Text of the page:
Sunday, January 8, 2012

“I always say I'm 64 but I feel 46. I’m quite macho.” ~ Anwar

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How does one prepare for 20 years behind bars? If you are PKR de facto leader Anwar Ibrahim, you would “go through the minutest details” over what to expect, and brace for the worst. Speaking to Malaysiakini about tomorrow’s verdict for his sodomy trial, Anwar said he is “psychologically prepared” to return to jail. “People say I’m crazy. I thought of it. I know. I know what to expect in the minutest detail. Nobody wants to go through it, frankly,” he said in an interview on Thursday. “People say you want to be a martyr, a hero. Absolute nonsense. When one comes to this age, and going through that... people think they know (how it is).” Having spent six years at the Sungai Buloh prison previously, Anwar believes staunchly that prison guards and police officers are “exceedingly kind” and that he will be fine under their care.


His family, however, does not share his views. In a “session” to discuss the possibly outcomes of the trial, he said his children and sons-in-law expressed concern that there would be assault and mistreatment, as in 1998. Dismissing this, the father of six said his only concern is whether his bad back, a result of a police assault then, could withstand the jail cell conditions. “I always say I am 64 but I feel 46... I’m quite macho,” he said with a laugh.

In the following excerpt of Malaysiakini's interview, Anwar also speaks of how his likely incarceration could affect his political career and its effect on the opposition's battle for Malay votes. Content has been edited for language, brevity and clarity.

Malaysiakini: Looking at Monday, what is your expectation? Are you hopeful?


Anwar Ibrahim: I am hopeful, because unlike before they did not adduce evidence... This case they realised and used forensic evidence. They thought they were smart and we demolished (the evidence). So, how can they ignore facts from law? I therefore feel there is no option but to acquit me. (But) knowing the system and the realities... I wouldn’t be surprised if the judge convicts me. So there would be two options. I go to jail straight, or they grant me bail pending appeal. It is also difficult for them to deny bail, as they just had in the (former Selangor MB Mohd) Khir Toyo case, and all cases for that matter. But as you know, Anwar is always the exception.


It happened to you in the first sodomy trial.


Yes, in the first case. But I think the important thing is about whether I am mentally prepared and the family is prepared. I had a session with the family. We went through all the options and allowed my children and sons-in-law to speak up and express their concerns. Alhamdulillah, they’re prepared. Even for (wife and PKR president Dr Wan Azizah Wan Ismail) it is difficult. She went through that, she knows, with my back condition and my age - I always say I feel 46 but I’m 64. (laughs) - it’s not easy.

Their main concern is security, my personal safety. I said, ‘No,’ but they said, ‘Yeah, that’s what we said in 1998 and it happened’. (The authorities) said it will never happen (again), but how I was treated in 2008 was a repetition. It was short of being assaulted, but the rest were completely inhumane. The consideration for my back condition, my age, nothing. I’m not talking about the stripping. But I’m talking about putting me on the cement. And you know there was excruciating pain following that. I had to get a jab after that... But I think I will manage.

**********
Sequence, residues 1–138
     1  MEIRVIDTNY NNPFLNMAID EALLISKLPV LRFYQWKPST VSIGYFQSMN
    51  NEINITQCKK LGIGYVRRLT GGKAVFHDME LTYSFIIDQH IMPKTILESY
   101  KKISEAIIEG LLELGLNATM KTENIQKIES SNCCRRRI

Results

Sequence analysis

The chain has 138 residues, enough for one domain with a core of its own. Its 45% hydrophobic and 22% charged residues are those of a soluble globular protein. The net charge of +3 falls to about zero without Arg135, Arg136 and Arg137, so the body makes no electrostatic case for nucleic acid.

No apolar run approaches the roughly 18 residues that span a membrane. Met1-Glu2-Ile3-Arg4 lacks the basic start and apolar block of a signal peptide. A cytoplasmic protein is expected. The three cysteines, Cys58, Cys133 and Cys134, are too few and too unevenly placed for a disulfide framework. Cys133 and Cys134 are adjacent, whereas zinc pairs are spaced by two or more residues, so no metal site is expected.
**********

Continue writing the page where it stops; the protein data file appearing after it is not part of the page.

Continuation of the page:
Are you psychologically prepared for it?


Yeah, fortunately. People say I’m quite crazy. I thought of it. I know I know what to expect in the minutest detail. Nobody wants to go through it, frankly. People say you want to be a martyr, a hero. Absolute nonsense, when one comes to this age, and going through that. People assume they know (how it is). That's why (self-exiled blogger) Raja Petra (Kamarudin) did not want to go to jail, I understand and I sympathise with him on that part although I don’t necessarily agree to the extent that (he) went to sell (his) soul. People can say lots of things, but after going through it before and taking the risk. Okay, they say they won’t do it (assault you). But if it’s done, it’s done.


Do you think you will survive? Your health is presumably not as good as before?


Just the back. The rest is okay. Compared to 1998, the back is the worst place. The only problem is excruciating pain and they don’t give me enough (assistance) you know... They say we have to ask the doctor, the doctor says must ask the consultant, then consultant must ask the minister... and if they send the same (Dr S) Jeyaindran, I will have a hell of a lot of trouble. That was the only doctor who (then PM Dr) Mahathir (Mohamad) allowed and you can see his performance in court. Once I got this baseline pneumonia, and normally I’m the type who would refuse to go to hospital. I’m not the type to demand to be taken to hospital and all that. That night I couldn’t breathe. So they called the hospital and were referred to (Jeyaindran).


He said, “Okay, okay give him this medication, okay, okay.” Then I was getting angry. I said, “I cannot breathe. You come and see me”, and he said, “Okay, I’ll come tomorrow morning” so I had to wait until tomorrow morning. That’s the only thing... Will I manage? Yes. Can I? Yes. Will I get baseline pneumonia? No, I don’t think so.


I'm quite macho (laughs). The prison officers, even the police officers, are not cruel. The problem is instructions. In the Bukit Aman lock-up, the police officers were exceedingly kind. So I have difficulty hearing ceramah knocking the police (bantai polis). Similarly in prison, in my six years there, probably only one of them was the Umno-Perkasa type. Sometimes they cannot (do much), but they’re kind. If I’m not feeling well, at least they give a Panadol, they cannot consult an expert but they will still do it or give me medication to rub on the back.


Do you think you’ll come back to a strong Pakatan?